Respect your audience by looking sharp, but also be reasonable about your choice of wardrobe.
It may be the most expensive suit or ensemble you own, but if you’re not comfortable in it your audience won’t be comfortable with you.
Choose clothing that puts you at ease, with lots of freedom of movement. When you’re in front of a room full of observant people, you don’t want to have to worry about a seam or collar that’s too snug.
Don’t allow your attire to speak more loudly than you. Avoid flashy jewelry, accessories or loud ties that might distract an audience’s attention and make what you wear more memorable than your remarks.
This is not to say you should be dull and colorless in your wardrobe selection. On the contrary, stylish, colorful clothing or accessories can be a bold stroke of personality that fits you and your presentation quite well. When in doubt, though, understate rather than overstate.
Before you step onto the stage, remove name badges, conference ribbons or other ornaments. They draw the audience’s attention away from your face and your words as you speak.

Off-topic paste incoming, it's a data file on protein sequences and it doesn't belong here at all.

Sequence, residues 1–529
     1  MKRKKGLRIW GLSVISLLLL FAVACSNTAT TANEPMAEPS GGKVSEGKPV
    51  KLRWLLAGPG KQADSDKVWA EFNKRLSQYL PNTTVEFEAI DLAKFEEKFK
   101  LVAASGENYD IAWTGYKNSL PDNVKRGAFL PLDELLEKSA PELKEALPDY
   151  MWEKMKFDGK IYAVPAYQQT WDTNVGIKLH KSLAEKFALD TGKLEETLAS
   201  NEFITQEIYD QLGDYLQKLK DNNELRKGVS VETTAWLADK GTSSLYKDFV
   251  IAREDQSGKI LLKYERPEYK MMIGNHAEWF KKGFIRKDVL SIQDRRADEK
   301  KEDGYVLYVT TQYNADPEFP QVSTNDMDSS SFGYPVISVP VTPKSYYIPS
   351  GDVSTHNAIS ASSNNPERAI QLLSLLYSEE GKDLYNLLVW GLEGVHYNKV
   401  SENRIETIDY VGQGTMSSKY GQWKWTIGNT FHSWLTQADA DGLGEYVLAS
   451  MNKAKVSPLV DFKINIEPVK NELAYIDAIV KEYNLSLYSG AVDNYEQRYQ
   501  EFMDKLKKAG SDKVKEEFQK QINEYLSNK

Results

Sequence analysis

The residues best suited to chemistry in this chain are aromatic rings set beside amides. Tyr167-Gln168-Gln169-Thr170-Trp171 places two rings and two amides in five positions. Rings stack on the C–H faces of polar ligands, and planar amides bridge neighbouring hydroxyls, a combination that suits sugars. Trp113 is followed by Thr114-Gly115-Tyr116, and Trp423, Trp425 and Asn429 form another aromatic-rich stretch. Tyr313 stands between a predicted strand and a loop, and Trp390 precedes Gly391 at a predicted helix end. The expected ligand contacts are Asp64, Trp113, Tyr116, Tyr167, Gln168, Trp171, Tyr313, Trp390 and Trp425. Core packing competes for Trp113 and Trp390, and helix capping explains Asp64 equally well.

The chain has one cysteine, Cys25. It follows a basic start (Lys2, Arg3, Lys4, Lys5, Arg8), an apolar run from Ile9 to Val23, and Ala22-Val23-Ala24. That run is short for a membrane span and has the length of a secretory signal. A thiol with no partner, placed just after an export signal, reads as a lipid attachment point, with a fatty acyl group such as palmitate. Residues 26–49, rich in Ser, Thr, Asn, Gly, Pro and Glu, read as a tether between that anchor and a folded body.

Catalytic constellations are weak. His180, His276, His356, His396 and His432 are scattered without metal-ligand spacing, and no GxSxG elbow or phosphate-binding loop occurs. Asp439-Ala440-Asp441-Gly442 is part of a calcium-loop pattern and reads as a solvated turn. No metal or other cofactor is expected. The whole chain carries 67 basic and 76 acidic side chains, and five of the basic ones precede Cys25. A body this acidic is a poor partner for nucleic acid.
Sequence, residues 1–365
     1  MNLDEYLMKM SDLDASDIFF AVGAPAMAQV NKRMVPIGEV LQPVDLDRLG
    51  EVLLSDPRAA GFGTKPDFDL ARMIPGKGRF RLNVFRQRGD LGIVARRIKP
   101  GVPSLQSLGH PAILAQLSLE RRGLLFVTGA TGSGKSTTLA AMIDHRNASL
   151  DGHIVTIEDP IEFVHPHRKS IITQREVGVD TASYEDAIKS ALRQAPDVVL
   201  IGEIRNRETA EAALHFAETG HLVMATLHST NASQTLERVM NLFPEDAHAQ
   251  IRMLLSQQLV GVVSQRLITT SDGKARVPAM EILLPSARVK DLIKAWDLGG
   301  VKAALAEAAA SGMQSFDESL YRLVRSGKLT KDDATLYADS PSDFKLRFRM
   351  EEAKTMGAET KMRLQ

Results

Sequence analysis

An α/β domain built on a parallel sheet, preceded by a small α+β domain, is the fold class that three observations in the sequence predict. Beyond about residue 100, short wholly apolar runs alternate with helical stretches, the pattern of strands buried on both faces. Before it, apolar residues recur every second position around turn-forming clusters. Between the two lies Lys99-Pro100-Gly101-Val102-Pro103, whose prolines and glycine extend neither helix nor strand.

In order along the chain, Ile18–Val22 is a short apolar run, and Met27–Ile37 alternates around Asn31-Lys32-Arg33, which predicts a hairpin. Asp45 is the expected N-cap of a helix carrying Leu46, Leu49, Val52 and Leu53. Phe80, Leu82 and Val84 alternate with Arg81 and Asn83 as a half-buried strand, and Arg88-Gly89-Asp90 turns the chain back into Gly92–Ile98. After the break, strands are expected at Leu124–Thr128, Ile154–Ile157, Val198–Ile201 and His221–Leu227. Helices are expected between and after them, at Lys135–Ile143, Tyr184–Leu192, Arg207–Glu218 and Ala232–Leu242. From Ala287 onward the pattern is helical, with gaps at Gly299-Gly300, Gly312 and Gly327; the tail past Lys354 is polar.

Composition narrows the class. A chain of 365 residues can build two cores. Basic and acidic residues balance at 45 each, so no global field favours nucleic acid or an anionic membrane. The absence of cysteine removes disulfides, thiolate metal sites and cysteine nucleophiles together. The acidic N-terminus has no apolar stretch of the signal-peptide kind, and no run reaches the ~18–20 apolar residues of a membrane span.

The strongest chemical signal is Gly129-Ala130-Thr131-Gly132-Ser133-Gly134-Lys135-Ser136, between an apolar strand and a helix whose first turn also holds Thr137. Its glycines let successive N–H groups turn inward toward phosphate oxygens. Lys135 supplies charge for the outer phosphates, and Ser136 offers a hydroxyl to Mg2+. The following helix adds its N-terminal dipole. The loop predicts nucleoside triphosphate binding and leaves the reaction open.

Take keys and coins out of your pockets. The jingling noise inevitably will distract from even the most passionate remarks. Empty pockets also will dull your own temptation to bury your hands in them as you speak.
If you carry a pager or cell phone, turn it off.
Finally, don’t dress down to an audience. Dress up. No one need ever apologize for exhibiting a quiet sense of style and elegance, and making the audience feel special because you show respect for them.
(Bonus tip: Be mindful about assumptions you make concerning what everyone may be wearing at the off-site conference, retreat or function at which you’re speaking. Just remember the poor guy who took the “casual dress” notice too literally and stepped onto the stage for a make-or-break, career-shaping presentation wearing Bermuda shorts and exotically patterned shirt, only to discover his audience of senior executives was in slacks and blazers.)